In light of the current economic climate, it has become particularly important for agencies geared toward social change to advocate on their own behalf for greater government funding and attention.
Toward this end, in 2008 Sakhi joined a coalition of Asian Pacific American social service organizations in New York City who have banded together in order to highlight unequal funding for our broad and diverse community.
Although Asian Pacific Americans are the fastest-growing community in the city and comprise an estimated 12% of its population, we receive less than 1% of public contract dollars and also less than 1% of private foundation dollars.
In response to this gap, a number of agencies formed a new coalition whose name was motivated by Sakhi’s own Executive Director, Purvi Shah: the 12% and Growing Coalition.
Purvi explained to Queens government officials during a February budget hearing, “As members of the 12% Coalition, we at Sakhi know that Asian Pacific Americans are the fastest growing group in New York City at nearly 12% of the population. Yet, our communities get only 0.24% of city social services contracts. Sakhi’s experience attests to this disparity. While 63% of our work goes to supporting city residents, nearly 5% to serve Long Island, and 4% across the rest of the state, in 2008, Sakhi received only 8% of our revenues from city and state funds. For the impact of the work we do, we deserve more.”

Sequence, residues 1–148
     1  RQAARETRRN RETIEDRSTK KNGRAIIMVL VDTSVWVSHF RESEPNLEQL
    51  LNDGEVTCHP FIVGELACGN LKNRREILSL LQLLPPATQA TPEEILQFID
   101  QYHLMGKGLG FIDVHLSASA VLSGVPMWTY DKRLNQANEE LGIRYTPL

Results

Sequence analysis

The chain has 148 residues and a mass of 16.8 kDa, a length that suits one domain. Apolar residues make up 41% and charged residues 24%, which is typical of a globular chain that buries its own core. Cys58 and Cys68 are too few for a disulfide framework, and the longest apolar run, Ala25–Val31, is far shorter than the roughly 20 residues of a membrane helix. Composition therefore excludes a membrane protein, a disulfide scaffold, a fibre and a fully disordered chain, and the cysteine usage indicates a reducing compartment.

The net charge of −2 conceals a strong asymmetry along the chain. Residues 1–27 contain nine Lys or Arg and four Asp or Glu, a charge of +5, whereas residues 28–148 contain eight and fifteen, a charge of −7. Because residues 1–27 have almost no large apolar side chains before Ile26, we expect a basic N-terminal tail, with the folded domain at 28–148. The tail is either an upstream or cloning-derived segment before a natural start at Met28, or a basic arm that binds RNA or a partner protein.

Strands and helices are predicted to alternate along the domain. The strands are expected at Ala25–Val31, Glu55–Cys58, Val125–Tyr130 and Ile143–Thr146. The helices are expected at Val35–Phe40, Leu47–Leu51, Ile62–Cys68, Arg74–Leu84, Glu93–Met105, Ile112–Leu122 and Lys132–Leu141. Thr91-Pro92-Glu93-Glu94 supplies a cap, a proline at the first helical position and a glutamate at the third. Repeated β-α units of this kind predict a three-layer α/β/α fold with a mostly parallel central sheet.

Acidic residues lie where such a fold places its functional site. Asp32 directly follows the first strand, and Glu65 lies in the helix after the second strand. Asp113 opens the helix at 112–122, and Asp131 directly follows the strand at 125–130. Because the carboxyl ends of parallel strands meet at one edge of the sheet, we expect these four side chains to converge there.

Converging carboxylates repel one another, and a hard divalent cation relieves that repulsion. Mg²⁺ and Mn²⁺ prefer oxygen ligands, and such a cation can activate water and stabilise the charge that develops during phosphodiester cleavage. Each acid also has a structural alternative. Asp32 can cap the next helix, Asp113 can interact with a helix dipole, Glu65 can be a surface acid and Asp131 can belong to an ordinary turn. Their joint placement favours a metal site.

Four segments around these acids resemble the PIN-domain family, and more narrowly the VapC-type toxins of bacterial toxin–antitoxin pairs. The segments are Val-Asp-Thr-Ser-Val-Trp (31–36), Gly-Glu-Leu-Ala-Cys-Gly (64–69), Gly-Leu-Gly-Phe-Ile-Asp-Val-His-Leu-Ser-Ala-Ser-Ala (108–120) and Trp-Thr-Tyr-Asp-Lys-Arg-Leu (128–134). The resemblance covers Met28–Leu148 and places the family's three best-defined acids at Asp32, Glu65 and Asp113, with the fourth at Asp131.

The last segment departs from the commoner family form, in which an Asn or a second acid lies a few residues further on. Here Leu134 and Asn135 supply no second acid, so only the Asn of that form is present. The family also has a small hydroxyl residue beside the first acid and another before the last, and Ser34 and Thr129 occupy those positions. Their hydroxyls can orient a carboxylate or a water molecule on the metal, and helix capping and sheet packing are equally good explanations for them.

Although we frequently face a myth of being a “model minority”—composed largely of tech and IT workers and math whizzes—the reality is that Asian Pacific Americans face a great degree of linguistic isolation and have the second-highest rate of poverty in the city. Furthermore, a quarter who are 25 or older lack a high school diploma and a third of public high school students failed to graduate on time.
From Sakhi’s perspective of addressing domestic violence, it should be noted that the issue is a public health and economic concern: a 2003 survey from the Centers for Disease Control and Prevention in Atlanta, Ga., estimated that domestic violence results in $728 million in lost productivity.
Therefore, the coalition has asked city and state governments to encourage and support community-based organizations that are central to our community’s health by allocating appropriate funding.
In response to Mayor Michael Bloomberg’s pared-down proposed 2010 budget, for instance, coalition member Wayne Ho, of the Coalition for Asian American Children and Families, objected to the “severe cuts to education, health care, and support services that will hurt the most vulnerable New Yorkers,” and urged the city to “look at fair and progressive means at raising revenue” to protect key services.
Also along these lines, the coalition is mobilizing for a rally at City Hall on Thursday, March 5th to protest massive cuts.
- Read Purvi’s testimony